• Manou Fines

International Women's Day

We celebrate International Women's Day in times of a strong feminist movement around the world. Women might have different reasons to fight for their rights, but their united effort will pay out to reach equality on the long run. There is no short cut to human‘s rights in the human family, as we all have to understand and practice them together. We have to navigate through conflict and find solutions for uneasy situations.


We might argue historically, religiously, culturally, biologically, geographically to justify or to understand the oppression of women on the globe, but there has never been a reason to oppress; there have just been interests to do so. Any misogynies argument protects a certain societal order that we do not agree on anymore and supports few privileged ones relying on the suffering of others.


In Norse mythology there are gods and goddesses, warriors and Valkyries, female and male elves, giants and giantesses and many more. They are evil or good creatures and often the impact of their actions was not intended: the installed order changes because encounters between the different species challenge the rules of their world and the destiny of the heroes involved. In old mythology we find not solely duality, but rather power grids that change transversally, beings in all shapes and forms, beings changing their gender, their appearance, their message and intention and a world fighting against, but accepting destruction as a necessary determinant for renewal.


Why does a man hit his wife, but not his boss? Let us think about the impact of laws and economy on our society rather than only focussing on testosterone and a so-called biological status quo. Let us also think between the lines, about our foundation and the quality of our relationships. Does real beauty make us still happy? Why do we prefer measured style and beauty conform to a luxury brand? Isn’t it curious that caring for someone became nearly a swearword and joyful flourishing is perceived as embarrassing chaos; that a female act of kindness is understood as a „must do“ here and as a sexual invitation there? We live in a world where one calls love obscene and sells seduction as love. Why?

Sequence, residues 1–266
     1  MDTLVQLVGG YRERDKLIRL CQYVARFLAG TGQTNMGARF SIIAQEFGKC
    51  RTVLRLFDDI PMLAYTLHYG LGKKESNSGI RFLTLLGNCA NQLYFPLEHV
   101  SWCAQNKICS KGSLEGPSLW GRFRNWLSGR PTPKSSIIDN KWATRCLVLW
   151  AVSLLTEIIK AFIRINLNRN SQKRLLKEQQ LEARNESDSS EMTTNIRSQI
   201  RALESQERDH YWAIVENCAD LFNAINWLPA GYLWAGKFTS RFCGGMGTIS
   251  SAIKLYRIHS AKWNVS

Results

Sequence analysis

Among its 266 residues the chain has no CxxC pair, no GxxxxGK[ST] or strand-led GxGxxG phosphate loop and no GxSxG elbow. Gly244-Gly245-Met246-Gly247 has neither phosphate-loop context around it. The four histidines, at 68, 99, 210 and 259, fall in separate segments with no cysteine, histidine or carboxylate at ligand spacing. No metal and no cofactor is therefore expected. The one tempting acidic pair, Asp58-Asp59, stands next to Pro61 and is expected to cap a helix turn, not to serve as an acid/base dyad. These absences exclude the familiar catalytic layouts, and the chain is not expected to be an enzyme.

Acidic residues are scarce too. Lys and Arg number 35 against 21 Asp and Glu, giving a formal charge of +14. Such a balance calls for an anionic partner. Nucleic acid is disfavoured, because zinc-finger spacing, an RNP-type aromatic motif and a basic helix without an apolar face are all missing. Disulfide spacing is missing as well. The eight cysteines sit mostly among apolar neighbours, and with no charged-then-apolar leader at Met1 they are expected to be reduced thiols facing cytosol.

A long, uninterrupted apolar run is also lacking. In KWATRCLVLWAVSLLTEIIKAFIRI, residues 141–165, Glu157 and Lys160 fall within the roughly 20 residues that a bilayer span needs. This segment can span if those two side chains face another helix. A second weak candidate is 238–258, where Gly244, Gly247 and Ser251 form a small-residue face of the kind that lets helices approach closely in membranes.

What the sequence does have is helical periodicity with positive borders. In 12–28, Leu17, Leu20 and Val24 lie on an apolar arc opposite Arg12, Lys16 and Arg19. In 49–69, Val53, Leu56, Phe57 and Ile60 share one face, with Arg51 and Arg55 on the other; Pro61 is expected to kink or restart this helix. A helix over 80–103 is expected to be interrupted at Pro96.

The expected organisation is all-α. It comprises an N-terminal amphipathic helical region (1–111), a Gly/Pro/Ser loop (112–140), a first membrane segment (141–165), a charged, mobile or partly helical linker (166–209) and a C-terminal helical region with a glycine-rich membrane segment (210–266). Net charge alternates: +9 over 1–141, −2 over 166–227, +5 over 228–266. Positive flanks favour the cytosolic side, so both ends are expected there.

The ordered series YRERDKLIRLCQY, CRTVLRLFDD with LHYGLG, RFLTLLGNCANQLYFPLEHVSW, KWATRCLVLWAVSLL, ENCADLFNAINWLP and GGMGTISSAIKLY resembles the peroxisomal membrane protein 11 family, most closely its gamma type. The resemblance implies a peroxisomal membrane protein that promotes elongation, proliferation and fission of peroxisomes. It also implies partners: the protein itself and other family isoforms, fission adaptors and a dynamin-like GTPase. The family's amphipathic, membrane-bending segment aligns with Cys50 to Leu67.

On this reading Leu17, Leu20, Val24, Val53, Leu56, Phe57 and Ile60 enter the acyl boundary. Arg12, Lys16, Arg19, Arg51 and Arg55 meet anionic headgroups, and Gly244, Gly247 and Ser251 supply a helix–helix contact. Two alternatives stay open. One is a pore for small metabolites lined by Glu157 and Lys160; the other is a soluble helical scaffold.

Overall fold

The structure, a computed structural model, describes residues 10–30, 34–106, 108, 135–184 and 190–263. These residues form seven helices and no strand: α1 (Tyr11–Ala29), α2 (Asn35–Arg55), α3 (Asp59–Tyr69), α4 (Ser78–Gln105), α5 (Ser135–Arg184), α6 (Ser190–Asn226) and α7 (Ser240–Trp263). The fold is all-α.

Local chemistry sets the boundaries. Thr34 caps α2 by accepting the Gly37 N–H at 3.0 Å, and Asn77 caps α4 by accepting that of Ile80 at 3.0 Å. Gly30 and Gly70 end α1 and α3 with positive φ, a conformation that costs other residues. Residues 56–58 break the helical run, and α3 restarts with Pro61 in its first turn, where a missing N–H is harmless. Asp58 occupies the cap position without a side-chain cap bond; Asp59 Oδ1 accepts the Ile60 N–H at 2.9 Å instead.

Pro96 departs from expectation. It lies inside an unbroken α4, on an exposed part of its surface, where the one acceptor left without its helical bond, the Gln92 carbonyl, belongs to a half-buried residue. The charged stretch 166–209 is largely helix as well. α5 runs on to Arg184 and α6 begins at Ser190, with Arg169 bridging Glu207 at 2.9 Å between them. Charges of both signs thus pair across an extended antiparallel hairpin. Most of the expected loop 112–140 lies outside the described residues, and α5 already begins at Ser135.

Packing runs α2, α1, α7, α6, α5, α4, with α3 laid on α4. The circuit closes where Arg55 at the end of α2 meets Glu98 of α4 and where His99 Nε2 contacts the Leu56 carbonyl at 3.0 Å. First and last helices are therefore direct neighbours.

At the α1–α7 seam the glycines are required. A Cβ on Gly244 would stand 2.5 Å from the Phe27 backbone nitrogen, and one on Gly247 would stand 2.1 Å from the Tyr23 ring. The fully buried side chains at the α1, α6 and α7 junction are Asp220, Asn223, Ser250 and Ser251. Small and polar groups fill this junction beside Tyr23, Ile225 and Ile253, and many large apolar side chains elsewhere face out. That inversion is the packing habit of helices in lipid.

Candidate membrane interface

In our contemporary world detached from spirit and truth, we are empty creatures violating Mother Nature and humankind for a glorious moment of superiority; for a quick fix to heal our own human condition because it always includes suffering. Any knowledge in the world, as valuable as it is, couldn‘t help us to acquire wisdom and long-lasting inner and outer peace; in fact, it seems that experiences, learning, humility and compassion teach our own hearts to grow; that the detachment of ego guides us better than the denial of our soul. Doesn’t life teach us that we cannot run away from our human condition and our broken connection with nature? Suffering and chaos are part of our human existence and the climate change will be devastating. So considering the inner and outer pressure for change, we need strategies to live peacefully together and to face injustice and suffering provoked by other humans.


Because in this trembling world we stand: in a world that utilises spirituality and religion to legitimate inhuman political frameworks, manipulates a culture and society with profit-oriented goals, creates the illusion of individuality and superiority in order to kill animals, people of another culture or gender, separates the thinking from the feeling, uses fear and hatred to sabotage communication between people and undermine human contact: in this trembling world we stand, knowing deep down that we gravitate towards destruction and that there is no way out. That we are being eaten by our own demons we nourished so that they would not remind us of our own mortality and tininess.


Norse mythology‘s Ragnarok is an apocalypse destroying gods, humans, animals, planets and all beings in between. Ragnarok is not stoppable, but despite of the destruction of the entire Norse world by the evil, there is a light of hope. The sun „will have had a daughter no less beautiful than she, and this daughter will follow the path of her mother.“


„One daughter

is born to Alfrodul [Sun]

before Fenrir destroys her.

When the gods die

this maid shall ride

her mother‘s paths.“

(The Lay of Vafthrudnir. 47 in Sturlusson, Snorri “The Prose Edda”, Penguin Classics: London, p.78)


May any new-born girl be the sun we need to hope. May any new-born girl in this world be blessed and protected. May any woman be love and loved.


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©Manou Fines 2020